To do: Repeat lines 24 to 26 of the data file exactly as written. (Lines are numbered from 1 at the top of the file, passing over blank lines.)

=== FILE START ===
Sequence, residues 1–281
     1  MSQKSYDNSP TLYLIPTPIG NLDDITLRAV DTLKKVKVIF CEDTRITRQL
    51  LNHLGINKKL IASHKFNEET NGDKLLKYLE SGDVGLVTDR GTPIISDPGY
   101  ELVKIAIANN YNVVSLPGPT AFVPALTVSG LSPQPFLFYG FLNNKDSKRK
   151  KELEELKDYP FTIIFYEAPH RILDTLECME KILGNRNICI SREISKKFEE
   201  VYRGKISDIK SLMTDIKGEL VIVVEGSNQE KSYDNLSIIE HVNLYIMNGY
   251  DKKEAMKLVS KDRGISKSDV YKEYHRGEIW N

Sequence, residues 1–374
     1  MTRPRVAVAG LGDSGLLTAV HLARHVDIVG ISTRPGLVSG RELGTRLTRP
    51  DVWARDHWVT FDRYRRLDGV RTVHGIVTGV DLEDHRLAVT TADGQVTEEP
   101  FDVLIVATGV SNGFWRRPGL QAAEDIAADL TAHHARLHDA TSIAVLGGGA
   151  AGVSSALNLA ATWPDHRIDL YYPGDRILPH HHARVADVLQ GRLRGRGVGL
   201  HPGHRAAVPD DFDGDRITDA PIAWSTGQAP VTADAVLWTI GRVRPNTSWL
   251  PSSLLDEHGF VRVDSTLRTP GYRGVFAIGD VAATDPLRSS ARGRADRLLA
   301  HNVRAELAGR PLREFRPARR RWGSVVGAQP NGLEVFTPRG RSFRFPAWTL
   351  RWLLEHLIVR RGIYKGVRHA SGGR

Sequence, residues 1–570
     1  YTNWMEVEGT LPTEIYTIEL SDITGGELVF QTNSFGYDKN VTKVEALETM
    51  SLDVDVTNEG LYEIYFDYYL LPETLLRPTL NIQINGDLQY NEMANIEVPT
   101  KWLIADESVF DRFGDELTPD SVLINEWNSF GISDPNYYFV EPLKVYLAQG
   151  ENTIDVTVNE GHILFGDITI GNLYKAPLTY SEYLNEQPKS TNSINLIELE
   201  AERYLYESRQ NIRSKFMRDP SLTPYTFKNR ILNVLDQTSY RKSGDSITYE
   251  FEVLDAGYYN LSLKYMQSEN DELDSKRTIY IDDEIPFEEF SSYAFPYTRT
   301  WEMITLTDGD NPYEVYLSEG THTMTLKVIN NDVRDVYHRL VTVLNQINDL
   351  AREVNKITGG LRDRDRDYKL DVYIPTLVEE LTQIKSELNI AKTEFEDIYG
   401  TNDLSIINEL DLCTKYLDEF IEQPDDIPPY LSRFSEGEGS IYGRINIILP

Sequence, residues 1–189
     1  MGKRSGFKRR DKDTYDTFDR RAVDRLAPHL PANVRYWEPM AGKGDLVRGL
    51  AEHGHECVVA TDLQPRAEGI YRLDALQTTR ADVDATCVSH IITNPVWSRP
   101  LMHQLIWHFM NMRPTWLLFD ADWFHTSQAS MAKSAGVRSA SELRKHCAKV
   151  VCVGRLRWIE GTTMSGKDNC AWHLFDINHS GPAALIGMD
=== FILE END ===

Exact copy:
   301  WEMITLTDGD NPYEVYLSEG THTMTLKVIN NDVRDVYHRL VTVLNQINDL
   351  AREVNKITGG LRDRDRDYKL DVYIPTLVEE LTQIKSELNI AKTEFEDIYG
   401  TNDLSIINEL DLCTKYLDEF IEQPDDIPPY LSRFSEGEGS IYGRINIILP